Written by: Charu Suri

Train stations around the world are receiving significant face lifts, giving them a contemporary atmosphere and putting a new emphasis on retail and restaurants.

Several countries are investing heavily in rail renovations: France has spent more than 870 million euros (about $967 million) on improving more than 3,000 train stations since 2012, including Gare de Lyon and St.-Lazare in Paris and Gare de Part-Dieu in Lyon. New stores include Eric Kayser’s bakeries and Tekoe tea shops.

In Vienna, a central train station, or Hauptbahnhof, designed to connect trains from Innsbruck and Munich to the east partially opened in 2012 and is expected to be completed this year. According to Peter Rahaman, vice president for sales at Rail Europe, train stations are increasingly seen as havens of leisure: With this idea in mind, residential developments and more than 100 shops are planned around the Hauptbahnhof.

“Railroads and stations are becoming the premier real estate across Europe,” Mr. Rahaman said. “Long-range high-speed rail is the new sign of luxury,” he added, noting that stations are offering more fashionable food and drink establishments to accommodate lingering travelers.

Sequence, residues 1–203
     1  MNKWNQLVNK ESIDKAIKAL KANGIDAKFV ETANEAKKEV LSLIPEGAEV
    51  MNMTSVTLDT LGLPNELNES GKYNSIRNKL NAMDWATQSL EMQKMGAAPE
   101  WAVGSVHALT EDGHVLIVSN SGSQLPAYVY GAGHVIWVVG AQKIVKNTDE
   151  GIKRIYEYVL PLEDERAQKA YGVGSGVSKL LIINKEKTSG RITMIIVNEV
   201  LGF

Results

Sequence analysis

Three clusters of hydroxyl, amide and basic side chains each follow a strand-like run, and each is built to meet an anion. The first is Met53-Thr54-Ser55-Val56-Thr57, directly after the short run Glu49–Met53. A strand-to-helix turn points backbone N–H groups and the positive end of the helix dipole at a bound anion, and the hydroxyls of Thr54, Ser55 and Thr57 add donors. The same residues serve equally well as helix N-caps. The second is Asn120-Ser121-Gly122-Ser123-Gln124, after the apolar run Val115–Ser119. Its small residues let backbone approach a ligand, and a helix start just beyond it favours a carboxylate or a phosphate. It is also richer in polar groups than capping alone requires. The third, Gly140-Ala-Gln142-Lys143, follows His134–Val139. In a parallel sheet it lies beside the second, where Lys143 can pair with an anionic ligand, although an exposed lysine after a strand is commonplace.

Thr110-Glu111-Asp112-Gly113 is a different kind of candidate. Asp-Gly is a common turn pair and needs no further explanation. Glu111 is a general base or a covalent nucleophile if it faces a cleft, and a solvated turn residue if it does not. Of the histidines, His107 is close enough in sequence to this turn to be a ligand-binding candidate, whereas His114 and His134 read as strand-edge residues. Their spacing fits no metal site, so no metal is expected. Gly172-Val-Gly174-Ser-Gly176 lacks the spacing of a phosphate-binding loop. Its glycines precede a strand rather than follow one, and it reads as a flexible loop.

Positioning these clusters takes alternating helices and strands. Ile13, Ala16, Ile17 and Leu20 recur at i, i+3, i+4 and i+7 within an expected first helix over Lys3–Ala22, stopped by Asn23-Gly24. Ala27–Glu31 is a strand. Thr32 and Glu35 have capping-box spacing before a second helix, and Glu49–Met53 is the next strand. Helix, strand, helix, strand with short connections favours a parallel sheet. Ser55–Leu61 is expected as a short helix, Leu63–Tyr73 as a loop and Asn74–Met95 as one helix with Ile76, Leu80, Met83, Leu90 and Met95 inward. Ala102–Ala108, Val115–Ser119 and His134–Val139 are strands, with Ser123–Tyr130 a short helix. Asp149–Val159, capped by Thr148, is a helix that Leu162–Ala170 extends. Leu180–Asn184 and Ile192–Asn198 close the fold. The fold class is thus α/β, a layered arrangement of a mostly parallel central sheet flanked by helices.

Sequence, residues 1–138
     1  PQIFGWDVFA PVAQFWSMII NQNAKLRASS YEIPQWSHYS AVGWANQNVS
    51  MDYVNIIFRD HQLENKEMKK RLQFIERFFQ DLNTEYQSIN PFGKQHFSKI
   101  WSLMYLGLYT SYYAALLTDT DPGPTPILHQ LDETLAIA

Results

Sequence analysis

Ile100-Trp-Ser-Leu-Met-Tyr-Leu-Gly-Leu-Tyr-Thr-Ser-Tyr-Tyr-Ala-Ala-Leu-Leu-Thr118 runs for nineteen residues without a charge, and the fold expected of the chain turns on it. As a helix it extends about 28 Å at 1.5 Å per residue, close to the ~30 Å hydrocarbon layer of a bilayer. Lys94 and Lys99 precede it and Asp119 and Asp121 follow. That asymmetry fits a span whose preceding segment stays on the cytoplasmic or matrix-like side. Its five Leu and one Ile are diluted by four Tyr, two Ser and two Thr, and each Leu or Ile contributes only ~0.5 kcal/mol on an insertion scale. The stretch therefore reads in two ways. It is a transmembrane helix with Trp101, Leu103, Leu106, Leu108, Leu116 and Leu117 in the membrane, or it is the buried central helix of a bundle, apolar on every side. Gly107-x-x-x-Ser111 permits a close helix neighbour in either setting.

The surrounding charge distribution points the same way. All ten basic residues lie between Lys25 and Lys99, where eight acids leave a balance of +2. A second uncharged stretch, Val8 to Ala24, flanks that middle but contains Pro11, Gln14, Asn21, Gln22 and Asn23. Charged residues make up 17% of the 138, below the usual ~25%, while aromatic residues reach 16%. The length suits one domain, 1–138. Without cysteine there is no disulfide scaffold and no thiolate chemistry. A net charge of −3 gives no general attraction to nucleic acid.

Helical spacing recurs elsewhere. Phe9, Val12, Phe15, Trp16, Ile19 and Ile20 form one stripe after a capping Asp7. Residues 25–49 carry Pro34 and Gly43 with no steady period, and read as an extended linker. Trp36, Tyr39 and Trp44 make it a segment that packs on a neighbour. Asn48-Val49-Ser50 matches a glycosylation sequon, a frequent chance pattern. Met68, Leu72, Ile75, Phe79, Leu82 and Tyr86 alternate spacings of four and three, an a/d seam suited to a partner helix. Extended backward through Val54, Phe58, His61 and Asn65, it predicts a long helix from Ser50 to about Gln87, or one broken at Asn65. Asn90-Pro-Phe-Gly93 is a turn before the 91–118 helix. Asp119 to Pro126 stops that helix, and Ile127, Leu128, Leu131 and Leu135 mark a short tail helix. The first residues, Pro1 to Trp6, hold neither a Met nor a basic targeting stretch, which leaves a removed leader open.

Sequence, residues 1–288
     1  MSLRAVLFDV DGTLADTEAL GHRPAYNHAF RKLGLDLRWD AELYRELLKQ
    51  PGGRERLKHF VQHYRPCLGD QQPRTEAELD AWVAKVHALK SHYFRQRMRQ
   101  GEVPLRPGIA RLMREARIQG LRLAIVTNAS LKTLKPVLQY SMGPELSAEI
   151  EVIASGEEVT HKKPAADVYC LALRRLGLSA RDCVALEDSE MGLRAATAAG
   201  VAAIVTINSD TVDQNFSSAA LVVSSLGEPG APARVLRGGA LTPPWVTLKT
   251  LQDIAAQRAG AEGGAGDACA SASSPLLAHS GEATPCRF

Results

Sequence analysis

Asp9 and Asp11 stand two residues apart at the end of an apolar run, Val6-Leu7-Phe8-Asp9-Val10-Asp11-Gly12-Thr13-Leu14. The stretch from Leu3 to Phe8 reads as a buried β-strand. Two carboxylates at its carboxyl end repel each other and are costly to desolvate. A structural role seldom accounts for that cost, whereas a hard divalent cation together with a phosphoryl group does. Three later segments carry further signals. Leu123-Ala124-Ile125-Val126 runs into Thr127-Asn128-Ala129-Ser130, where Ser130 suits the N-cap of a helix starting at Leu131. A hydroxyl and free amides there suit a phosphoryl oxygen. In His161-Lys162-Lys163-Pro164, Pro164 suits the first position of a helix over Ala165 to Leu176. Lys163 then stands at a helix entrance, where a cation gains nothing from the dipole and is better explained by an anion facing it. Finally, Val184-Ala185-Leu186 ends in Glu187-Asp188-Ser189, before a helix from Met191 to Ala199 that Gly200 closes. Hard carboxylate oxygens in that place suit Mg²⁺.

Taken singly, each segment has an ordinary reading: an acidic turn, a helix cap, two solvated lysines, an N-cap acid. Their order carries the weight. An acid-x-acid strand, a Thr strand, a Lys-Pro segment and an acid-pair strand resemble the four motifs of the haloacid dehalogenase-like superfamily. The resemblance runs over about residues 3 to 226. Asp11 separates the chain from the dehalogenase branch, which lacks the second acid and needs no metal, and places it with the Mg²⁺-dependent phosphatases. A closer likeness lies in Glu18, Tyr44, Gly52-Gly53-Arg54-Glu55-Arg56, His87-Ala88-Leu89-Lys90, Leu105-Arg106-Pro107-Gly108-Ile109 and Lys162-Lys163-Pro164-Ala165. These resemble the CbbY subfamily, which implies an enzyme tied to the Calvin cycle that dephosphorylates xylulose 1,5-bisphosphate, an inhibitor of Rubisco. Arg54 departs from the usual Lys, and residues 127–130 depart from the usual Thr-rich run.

The bullet train Shinkansen in Japan will expand its corridors to the Hokuriku region (known for its hot springs and traditional arts and crafts ) in March, and will extend to Hokkaido in 2016. Stations in these new regions are designed using local materials including beech timber for benches, rice paper for lights, and jade for columns in the waiting room.

In the United States, the Beaux-Arts 112-room Crawford Hotel opened last July inside the 120-year-old historic Denver Union Station, which also underwent a recent restoration. The hotel rooms are “Pullman” style, with nods to Art Deco architecture and riffs on the glamorous private sleeping cars. The station itself features 13 local shops and restaurants and 600 pieces of Western art curated by a local gallery.

Amtrak’s revitalization efforts include making stations in Washington, Baltimore and Chicago centers of their neighborhoods.